Emotional Wellness

Emotional Wellness
Why Conflict Resolution Is Easy for Some Couples
How well couples move on after an argument is closely tied to how securely attached one or both partners were to their caregivers as an infant, a study suggests.
‘Idealizing’ Your Spouse Makes an Ideal Marriage
According to a new study, people who idealized their partners when they got married -- and saw primarily only their good qualities -- were more likely to still be happy with their mate three years later.
Facebook Boosts Self-esteem
If you’re feeling a little blue, don’t look into a mirror, but take a gander instead at your Facebook page, which may give you a boost in self-esteem.
Women Feel Guiltier About Today’s ‘24/7’ Jobs
A new study shows women feel more distressed than men about dealing with after-hour emails and phone calls from the office.
Fire Walking Ritual Gives Clues to How People Bond
The hearts of people who perform the daring feat of fire walking beat in sync with loved ones watching them complete the ceremony.
Energy Boost From the Color Red?
A new study suggests seeing the color red makes muscles move faster and with more force, a finding that could have important implications in sports and other activities where a quick burst of energy is needed.
Magic Mushrooms Drug Shows Promise as Therapeutic Tool
Psilocybin, a powerful psychoactive substance derived from magic mushrooms, can safely be used in a controlled setting to help people have positive and often life-altering experiences, a new study shows.
'Cyberstalking': Worse Than in-Person Harassment?
Due in large part to its 24/7, global presence, "cyberstalking" appears to cause its victims more stress and trauma than in-person stalking, according to a leading psychologist's observations.
Men vs. Women: Personality Traits Similar, but Job Success Differs
Men and women who share personality traits have sharply different success rates at work, a study shows.
Resisting Temptation May Not Get Easier With Age
Children who have a hard time passing up one cookie now with the promise of more later will probably have just as hard a time resisting temptation as adults, according to a new study.
Optimism May Be Partly in Your Genes
Ever wonder why some people immediately see the bright side of just about any situation and seem to make friends wherever they go? Turns out, it may be in their genes. The findings appear online in the Proceedings of the National Academy of Sciences.
Twitter Tracks Mood Swings
Twitter may tell us a whole lot more than whether or not actors Demi Moore and Ashton Kutcher are really on the rocks or what reality TV star Kim Kardashian had for lunch. All of this twittering may actually give researchers a glimpse into moods and mood patterns across the globe.
Magic Mushroom Drug Has an 'Anti-Aging Effect' on Personality
Psilocybin, the drug in “magic mushrooms,” helps many people become more open, creative, and curious after they take a single high dose, a new study shows.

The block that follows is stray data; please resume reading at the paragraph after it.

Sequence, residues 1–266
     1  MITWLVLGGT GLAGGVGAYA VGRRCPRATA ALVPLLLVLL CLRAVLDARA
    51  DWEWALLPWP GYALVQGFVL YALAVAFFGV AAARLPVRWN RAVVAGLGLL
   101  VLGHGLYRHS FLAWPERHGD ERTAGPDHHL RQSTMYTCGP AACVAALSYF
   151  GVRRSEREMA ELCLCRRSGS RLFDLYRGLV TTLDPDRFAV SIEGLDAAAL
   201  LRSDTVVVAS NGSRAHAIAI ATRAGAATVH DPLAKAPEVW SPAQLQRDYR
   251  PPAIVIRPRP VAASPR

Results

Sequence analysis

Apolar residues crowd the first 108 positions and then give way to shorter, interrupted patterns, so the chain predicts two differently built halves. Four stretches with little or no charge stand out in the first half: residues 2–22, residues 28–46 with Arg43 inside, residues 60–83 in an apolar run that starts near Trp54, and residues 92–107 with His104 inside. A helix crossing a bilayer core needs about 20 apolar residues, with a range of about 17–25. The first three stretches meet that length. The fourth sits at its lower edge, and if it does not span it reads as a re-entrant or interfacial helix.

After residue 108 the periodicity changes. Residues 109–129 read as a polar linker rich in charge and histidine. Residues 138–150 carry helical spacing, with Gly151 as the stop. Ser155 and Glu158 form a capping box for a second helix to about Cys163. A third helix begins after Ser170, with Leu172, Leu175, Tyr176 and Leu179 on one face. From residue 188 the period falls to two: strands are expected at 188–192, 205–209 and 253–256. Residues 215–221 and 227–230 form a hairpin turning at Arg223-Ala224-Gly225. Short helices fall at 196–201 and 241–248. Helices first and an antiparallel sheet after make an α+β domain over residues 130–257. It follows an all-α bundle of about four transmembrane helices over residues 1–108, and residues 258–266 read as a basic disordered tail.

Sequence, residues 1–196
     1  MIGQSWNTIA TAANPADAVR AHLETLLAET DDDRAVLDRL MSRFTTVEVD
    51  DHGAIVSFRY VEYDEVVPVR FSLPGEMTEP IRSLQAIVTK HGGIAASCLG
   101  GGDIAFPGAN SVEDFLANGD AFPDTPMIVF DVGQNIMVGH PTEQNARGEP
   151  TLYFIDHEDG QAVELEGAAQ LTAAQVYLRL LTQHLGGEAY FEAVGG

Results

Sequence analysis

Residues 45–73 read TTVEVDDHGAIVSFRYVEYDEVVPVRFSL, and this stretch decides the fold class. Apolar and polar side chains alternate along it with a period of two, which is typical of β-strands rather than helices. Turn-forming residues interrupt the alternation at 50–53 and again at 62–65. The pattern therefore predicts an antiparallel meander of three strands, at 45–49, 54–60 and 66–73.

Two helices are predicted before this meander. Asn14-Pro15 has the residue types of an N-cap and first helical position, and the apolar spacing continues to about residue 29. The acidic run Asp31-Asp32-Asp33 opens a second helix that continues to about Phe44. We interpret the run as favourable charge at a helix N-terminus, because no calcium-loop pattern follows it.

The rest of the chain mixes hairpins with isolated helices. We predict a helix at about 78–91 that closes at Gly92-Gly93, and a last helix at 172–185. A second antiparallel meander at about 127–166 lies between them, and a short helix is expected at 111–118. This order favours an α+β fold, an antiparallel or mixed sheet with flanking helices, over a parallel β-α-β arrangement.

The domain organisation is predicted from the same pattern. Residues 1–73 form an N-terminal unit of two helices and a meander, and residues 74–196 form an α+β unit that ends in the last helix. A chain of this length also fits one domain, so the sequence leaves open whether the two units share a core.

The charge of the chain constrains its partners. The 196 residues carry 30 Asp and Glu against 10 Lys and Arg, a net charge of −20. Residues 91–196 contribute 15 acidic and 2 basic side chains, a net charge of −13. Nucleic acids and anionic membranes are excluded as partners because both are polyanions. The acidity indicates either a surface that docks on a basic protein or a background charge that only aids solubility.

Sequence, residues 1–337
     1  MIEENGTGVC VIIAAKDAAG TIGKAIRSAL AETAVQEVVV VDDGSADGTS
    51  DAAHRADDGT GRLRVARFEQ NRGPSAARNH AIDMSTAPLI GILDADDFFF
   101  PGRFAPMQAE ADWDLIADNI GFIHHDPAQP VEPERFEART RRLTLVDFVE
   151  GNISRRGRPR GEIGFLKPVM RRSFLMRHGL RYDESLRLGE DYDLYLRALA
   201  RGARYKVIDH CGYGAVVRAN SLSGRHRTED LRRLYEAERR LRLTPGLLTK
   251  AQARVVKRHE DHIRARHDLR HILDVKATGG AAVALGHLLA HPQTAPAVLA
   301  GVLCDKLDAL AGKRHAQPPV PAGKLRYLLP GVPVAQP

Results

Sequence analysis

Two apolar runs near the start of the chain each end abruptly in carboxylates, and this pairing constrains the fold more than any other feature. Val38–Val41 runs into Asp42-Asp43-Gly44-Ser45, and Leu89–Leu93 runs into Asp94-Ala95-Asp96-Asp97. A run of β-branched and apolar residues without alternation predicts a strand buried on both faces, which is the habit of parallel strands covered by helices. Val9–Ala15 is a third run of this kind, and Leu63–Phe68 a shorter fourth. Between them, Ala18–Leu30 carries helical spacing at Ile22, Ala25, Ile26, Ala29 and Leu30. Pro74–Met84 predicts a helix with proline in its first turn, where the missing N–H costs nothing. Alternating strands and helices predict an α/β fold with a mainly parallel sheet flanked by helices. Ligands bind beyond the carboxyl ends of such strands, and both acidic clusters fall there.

Happy People Live Longer?
Could happiness be the key to a long, or at least longer, life? Maybe, researchers say.
Why the Sound of Fingernails on a Chalkboard Irks You
The mere thought of fingernails scratching a chalkboard can be enough to set some people on edge. Now, a new study may help explain why.
Body Language Reveals ‘Empathy Gene’
A new study suggests empathetic body language and behavior are linked to a genetic variation associated with sociability.
Weight Gain, Need to Be Nice Are Holiday Season Gripes
A survey shows that worry over weight gain and the need to be nice are among the 10 things Americans dread the most during the holiday season.
Contagious Yawns May Show Social Bonds
A new study suggests yawning after someone else yawns may be a sign of social empathy and emotional bonds between family and friends.
Happiness Declining Among Twitter Users
Twitter users may be less happy than they used to be, say University of Vermont scientists.
Grief May Boost Heart Attack Risk
A person who is mourning the death of someone close is at greater risk of suffering a heart attack in the days immediately following the loss and for up to a month afterward, a new study shows.
TV Breakups: When a Show Ends, Fans May ‘Mourn’
Fans of a TV show may experience distress when the show ends and they can no longer watch a favorite character, a study shows.
City Life Affects Brain's Response to Stress
The brains of people who live in cities react more strongly to stress than those who live in small towns and rural areas, a new study shows.
Dieters Tend to Overeat When Stressed
If you diet a lot, you may be more likely to overeat in times of stress than people who don't diet a lot, a new survey suggests.
Are Doctors Showing Enough Empathy?
Even some of the most highly trained doctors routinely fail to provide a critical component of care to their patients -- empathy, a new analysis shows.
Breath Tests Show Many Fans Exit Stadium Drunk
Upwards of 40% of people who attend professional baseball or football games leave the stadium with a positive blood alcohol level and 8% leave legally drunk, a new study suggests.

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